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How analysis can hinder source code manipulaton And what to do about it Michael Ernst University of Washington PowerPoint Presentation
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How analysis can hinder source code manipulaton And what to do about it Michael Ernst University of Washington. Static analysis pros and cons. Benefits of program analysis: + identifies/prevents bugs + enables transformation + aids re-engineering & other development tasks

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How analysis can hinder source code manipulatonAnd what to do about itMichael ErnstUniversity of Washington

static analysis pros and cons
Static analysis pros and cons
  • Benefits of program analysis:

+ identifies/prevents bugs

+ enables transformation

+ aids re-engineering & other development tasks

  • Program analysis is mandatory for effective software development
  • This reliance can have negative effects:

- delays testing

- discourages restructuring/refactoring

my background biases
My background & biases
  • My previous research thrusts:
      • slicing
      • dynamic analysis
      • testing
      • types
      • security
      • (not clones, much)
  • Today’s talk: inspired by types and testing
    • Type-checking is the analysis
      • Many of the ideas generalize more broadly
    • Transformation is the manipulation
      • Type inference
      • General restructuring
why is program transformation hard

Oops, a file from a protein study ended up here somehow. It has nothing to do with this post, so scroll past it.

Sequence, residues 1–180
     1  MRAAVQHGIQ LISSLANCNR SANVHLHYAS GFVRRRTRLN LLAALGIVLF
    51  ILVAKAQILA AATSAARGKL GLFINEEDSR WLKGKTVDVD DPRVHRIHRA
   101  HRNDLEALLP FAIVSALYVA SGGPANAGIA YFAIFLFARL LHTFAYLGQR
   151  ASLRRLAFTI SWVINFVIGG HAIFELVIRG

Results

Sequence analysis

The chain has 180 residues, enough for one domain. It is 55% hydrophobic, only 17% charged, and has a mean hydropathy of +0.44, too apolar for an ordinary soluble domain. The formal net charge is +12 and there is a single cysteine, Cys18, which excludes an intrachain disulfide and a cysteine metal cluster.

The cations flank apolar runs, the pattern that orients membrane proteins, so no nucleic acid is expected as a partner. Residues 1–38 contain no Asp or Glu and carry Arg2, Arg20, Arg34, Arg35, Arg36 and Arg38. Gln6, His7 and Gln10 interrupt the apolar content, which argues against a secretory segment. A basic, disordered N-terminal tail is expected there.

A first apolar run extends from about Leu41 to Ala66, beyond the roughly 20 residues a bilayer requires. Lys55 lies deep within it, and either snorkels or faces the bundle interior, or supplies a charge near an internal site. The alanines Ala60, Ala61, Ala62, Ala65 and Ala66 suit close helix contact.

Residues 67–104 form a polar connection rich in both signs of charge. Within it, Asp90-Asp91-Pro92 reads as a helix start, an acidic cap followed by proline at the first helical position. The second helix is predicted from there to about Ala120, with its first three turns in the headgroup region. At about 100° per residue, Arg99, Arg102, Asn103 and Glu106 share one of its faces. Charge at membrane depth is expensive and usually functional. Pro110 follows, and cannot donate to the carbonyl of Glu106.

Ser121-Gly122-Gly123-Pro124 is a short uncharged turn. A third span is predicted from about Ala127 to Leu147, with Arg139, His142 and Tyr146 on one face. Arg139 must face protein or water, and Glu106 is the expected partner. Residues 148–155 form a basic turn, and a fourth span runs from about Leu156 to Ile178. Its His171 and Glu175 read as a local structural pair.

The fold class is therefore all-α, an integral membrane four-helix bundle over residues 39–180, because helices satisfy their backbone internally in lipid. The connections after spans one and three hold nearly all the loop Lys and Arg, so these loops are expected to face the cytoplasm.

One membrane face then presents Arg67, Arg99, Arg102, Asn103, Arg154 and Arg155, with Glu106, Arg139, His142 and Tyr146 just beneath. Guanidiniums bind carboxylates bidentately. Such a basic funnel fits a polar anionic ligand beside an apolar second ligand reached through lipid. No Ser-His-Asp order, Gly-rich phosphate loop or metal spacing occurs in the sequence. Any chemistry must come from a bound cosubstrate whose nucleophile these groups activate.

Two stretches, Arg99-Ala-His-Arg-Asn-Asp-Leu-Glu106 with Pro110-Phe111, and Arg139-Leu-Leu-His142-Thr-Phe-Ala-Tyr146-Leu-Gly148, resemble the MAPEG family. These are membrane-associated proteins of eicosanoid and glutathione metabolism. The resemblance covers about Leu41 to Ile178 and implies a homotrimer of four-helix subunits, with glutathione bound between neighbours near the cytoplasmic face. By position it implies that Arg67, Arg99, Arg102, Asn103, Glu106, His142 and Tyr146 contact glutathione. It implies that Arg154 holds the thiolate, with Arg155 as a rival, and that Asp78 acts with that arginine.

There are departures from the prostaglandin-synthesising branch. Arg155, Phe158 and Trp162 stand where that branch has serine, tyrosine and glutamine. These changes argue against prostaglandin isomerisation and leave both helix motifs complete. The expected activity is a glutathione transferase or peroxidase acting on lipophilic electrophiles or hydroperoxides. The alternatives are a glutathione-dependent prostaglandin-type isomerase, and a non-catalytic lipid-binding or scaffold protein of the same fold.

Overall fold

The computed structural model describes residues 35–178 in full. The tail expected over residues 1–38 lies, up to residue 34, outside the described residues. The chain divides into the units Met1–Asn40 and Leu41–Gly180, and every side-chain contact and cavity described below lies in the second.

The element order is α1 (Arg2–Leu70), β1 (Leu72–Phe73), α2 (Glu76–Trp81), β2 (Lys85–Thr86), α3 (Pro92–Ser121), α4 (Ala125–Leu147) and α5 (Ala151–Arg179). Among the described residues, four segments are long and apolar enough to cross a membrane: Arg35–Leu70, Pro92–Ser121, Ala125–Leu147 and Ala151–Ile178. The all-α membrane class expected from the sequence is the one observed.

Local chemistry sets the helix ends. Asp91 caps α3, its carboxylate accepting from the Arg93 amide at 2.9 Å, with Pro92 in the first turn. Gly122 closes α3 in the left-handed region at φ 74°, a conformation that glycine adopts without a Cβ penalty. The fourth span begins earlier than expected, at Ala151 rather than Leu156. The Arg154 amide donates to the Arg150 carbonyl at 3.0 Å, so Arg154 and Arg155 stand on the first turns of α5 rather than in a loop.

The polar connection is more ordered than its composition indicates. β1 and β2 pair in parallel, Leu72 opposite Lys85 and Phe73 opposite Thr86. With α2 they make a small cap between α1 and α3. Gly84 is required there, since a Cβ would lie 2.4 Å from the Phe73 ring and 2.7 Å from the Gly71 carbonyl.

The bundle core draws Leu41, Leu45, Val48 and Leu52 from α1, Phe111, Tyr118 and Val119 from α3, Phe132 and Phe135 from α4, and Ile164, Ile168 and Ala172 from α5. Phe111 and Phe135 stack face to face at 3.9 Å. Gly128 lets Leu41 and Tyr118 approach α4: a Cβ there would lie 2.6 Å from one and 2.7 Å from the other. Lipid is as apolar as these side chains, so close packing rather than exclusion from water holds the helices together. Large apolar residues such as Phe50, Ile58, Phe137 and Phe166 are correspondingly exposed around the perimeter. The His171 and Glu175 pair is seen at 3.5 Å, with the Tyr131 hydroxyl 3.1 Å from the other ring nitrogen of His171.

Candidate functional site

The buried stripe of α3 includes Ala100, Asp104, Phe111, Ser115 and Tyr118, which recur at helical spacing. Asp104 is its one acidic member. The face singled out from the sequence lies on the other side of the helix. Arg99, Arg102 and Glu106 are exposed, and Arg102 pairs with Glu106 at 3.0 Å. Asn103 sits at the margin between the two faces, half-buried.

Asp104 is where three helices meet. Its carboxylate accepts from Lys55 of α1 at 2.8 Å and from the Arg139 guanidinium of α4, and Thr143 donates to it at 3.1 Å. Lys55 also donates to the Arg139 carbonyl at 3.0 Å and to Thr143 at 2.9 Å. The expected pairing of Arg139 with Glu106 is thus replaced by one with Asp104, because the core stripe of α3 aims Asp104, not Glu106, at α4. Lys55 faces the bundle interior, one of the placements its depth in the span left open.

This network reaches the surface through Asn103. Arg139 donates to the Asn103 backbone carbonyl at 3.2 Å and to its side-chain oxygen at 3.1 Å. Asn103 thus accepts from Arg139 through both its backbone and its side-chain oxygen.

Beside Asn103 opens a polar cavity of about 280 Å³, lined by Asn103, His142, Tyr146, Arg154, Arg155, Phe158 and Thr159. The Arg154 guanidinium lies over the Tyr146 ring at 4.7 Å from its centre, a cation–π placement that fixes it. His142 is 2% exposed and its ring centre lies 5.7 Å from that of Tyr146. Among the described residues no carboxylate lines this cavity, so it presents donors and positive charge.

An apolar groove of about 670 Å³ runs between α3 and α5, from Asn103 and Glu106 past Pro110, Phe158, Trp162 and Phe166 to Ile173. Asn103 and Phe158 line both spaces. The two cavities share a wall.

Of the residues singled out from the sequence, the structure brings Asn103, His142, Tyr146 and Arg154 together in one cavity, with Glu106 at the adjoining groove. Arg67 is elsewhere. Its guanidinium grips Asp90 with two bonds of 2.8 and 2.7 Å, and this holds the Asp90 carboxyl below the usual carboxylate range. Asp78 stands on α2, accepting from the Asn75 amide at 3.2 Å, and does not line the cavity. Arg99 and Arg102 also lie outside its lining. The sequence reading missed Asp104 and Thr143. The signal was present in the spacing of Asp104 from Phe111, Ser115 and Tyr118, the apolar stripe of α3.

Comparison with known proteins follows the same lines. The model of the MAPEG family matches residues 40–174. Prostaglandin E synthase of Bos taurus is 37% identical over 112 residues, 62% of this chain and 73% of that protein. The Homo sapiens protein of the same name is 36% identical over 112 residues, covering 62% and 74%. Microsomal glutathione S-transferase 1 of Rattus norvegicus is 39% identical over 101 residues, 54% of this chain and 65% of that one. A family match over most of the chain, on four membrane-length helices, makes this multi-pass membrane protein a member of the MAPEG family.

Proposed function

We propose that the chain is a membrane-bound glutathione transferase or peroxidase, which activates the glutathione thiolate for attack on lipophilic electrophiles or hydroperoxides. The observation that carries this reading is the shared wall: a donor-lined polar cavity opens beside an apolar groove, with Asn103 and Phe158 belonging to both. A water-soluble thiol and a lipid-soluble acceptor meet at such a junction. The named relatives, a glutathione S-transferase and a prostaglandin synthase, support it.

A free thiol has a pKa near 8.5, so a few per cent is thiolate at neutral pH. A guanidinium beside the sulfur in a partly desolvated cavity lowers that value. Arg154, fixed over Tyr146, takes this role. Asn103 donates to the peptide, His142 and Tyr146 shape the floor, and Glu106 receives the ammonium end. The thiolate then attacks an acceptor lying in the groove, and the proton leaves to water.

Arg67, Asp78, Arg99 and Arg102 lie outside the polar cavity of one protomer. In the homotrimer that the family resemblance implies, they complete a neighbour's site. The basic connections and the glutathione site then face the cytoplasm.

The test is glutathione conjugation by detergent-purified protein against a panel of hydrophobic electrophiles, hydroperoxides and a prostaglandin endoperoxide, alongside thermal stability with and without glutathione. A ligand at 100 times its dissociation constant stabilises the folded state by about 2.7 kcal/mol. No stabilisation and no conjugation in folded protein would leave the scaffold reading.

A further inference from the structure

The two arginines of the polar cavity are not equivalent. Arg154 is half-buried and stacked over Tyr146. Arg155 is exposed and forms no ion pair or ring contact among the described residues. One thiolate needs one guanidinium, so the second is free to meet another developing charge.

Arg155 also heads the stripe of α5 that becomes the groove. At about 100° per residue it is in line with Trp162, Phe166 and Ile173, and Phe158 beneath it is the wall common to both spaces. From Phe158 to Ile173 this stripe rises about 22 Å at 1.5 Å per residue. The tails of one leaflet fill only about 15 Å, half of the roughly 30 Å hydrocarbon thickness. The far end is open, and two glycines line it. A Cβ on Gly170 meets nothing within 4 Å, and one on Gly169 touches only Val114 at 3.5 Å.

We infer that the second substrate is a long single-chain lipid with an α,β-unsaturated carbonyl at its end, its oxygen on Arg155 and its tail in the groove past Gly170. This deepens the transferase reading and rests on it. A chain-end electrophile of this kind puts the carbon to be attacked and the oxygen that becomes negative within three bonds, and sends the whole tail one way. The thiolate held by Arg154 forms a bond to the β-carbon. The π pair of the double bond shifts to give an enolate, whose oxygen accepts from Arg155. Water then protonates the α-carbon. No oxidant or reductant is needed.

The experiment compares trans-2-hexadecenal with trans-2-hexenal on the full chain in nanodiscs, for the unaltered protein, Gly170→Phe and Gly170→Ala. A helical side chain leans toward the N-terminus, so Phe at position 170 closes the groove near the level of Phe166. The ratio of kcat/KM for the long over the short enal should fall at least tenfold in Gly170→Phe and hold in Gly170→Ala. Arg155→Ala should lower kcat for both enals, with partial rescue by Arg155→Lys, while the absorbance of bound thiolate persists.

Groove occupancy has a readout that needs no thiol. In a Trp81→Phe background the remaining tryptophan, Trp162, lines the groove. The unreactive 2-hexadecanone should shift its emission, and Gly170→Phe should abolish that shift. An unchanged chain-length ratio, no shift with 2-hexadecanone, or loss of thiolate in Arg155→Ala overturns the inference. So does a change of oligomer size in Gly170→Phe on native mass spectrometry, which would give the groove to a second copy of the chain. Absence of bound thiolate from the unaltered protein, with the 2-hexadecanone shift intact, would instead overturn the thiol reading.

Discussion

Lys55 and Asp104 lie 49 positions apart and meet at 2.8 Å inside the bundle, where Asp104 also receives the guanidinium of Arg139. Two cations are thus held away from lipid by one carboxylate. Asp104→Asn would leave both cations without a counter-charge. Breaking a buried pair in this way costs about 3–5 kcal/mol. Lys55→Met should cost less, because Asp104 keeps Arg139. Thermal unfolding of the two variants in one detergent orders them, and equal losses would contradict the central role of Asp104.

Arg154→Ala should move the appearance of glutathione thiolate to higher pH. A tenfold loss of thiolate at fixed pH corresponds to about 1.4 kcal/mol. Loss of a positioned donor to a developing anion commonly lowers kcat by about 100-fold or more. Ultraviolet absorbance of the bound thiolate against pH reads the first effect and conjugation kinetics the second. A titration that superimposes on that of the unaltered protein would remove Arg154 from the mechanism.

Why is program transformation hard?
  • Case study: convert a program to a stronger type system
two conclusions of this talk
Two conclusions of this talk
  • We need to strengthen type systems
  • We need to weaken type systems
upgrading your type system
Upgrading your type system
  • For untyped programs:
    • Add types to Scheme, Python
  • For typed programs:
    • Generics (parametric polymorphism): Java 5
    • Information flow (e.g., Jif)
    • Pluggable type qualifiers: nullness, immutability, …
  • For stronger properties:
    • Extended Static Checking: array bounds
    • Discharge arbitrary assertions
java generics
Java Generics
  • Convert Java 1.4 code to Java 5 code
    • Key benefit: type-safe containers
  • Instantiation problem:

List myList = …;List<String>myList= …;

  • Parameterization problem
    • Adding parameters changes the type constraints
  • Series of research papers
    • OOPSLA 2004, ECOOP 2005, ICSE 2007

class Map<K,V> {

V get(K key) { … }


class Map {

Object get(Object key) { … }


java standard libraries
Java standard libraries
  • The JDK libraries are not generics-correct
    • The signatures use generic types
    • The implementations do not type-check
      • Retained from Java 1.4, usually without change
  • Why?
    • Old design flaws were revealed
    • Danger of refactoring was too great
    • The code already worked
    • It wasn’t worth it
  • Goal: avoid unintended side effects
    • in the context of an imperative language
  • Dozens of papers proposing type systems
  • Little empirical evaluation
    • Javari: 160KLOC case studies (OOPSLA 2005)
    • IGJ: 106KLOC case studies (FSE 2007)
obstacles to evaluation and use of a type system
Obstacles to evaluation and useof a type system
  • Building a type checker is hard
    • Solution: Checker Framework (ISSTA 2008)
  • Building a type inference is hard
    • Example: Javarifier (ECOOP 2008)
    • Inference is much harder than checking
    • No general framework for implementations
  • Programs resist transformation
    • Often type-incorrect
    • Difficult to make type-correct
eliminating null pointer exceptions
Eliminating null pointer exceptions
  • A common analysis